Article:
We had a day of travel from Melbourne to Cairns. We stayed in one hostel in Cairns for four days, the Tropic Days. There was a bulldog that looked like a wombat. Charges were applied for every amenity, including air conditioning by the hour. There was a horrible mean bitch woman who was really condescending to us and a Dutch woman. Our first night in Cairns we went to a place called Bull Bar for beer and food and a terribly loud drunk Australian band, and then Woolshed. About Woolshed, Lonely Planet wrote, “If you can’t get laid in Woolshed, you will probably never get laid.” The LP also described the Sydney Harbour (sp?) Bridge as a coathanger that might give you a spook. We both thought this was stupid. Today, Wednesday September 23, 2009 is Connie’s last day in Australia. It is making me very sad. We went to the Australian museum in the morning and then went looking for donuts that gave me instant diarrhea. “Dude, non-white kids are so cute,” Connie has just said. The museum was interesting. People’s sisters (like Kylie Minogue’s sister and Nicole Kidman’s sister) are stars here because there are only 20 million people in the country. We own this country. The animals in this country are insane because they shit in cubes like the wombat. We started saying “suck my dick” to each other and then gesturing lewdly toward our crotches. We bought kangaroo boxing pens and made them box. Also, Connie will announce to her stepmom, “I love you” using the kangaroo boxer to emphasize words.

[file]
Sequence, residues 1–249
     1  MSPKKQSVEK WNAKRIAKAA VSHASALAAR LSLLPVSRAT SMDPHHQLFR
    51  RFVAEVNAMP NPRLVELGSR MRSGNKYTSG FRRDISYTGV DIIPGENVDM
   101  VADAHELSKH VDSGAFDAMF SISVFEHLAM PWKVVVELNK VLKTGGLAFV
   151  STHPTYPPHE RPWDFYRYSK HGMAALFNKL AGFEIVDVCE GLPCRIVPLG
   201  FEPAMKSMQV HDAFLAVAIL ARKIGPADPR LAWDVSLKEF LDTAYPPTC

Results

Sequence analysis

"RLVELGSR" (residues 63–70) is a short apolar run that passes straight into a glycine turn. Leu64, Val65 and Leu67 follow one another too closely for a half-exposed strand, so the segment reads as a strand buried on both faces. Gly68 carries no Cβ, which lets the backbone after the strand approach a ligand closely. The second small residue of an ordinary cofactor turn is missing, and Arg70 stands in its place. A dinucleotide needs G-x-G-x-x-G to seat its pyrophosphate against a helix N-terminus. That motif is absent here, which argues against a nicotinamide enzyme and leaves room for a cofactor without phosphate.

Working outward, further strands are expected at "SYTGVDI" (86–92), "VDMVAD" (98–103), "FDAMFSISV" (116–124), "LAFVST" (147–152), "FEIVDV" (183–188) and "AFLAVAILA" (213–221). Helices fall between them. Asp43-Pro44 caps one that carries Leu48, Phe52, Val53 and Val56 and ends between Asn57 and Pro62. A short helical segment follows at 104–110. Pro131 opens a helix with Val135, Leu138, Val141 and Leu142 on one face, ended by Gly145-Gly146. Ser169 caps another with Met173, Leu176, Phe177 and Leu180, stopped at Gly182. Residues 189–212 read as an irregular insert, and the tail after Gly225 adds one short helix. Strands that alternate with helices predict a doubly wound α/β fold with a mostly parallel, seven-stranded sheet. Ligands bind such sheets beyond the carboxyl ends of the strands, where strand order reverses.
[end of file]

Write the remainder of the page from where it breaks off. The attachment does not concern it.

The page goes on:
Yesterday we walked very slowly to the Opera House. Then we walked very slowly to the Museum of Contemporary Art. Then we went on a ferry. Then monorail. Then Japanese noodles at ichiban because Jimmy’s Malaysian was closed.

Over dinner, Connie posed a series of horrible hypothetical questions to me, such as “Would you rather give up rice or wheat?” and “Would you rather give up rice-based foods or all foods shaped like noodles?” Then we went to Kinokuniya, which is a huge bookstore with lots of Asian language books. I bought a music box for Raj. Then we hid from a thunderstorm and attempted to find Starbucks. Although we might have been directed to “Star Bar,” by the fobby people we asked, there was actually a Starbucks across the street from "Star Bar." Then we journaled separately for an hour. Then we walked very slowly back to the hotel, where Connie fell asleep and I went to an internet café to research lesbian bar options. Connie and I are lesbifriends. We say to each other, “We are lesbifriends,” and, "Hey, les be friends, okay?" Sonia was online and we chatted for half an hour, which put me in a state of bliss.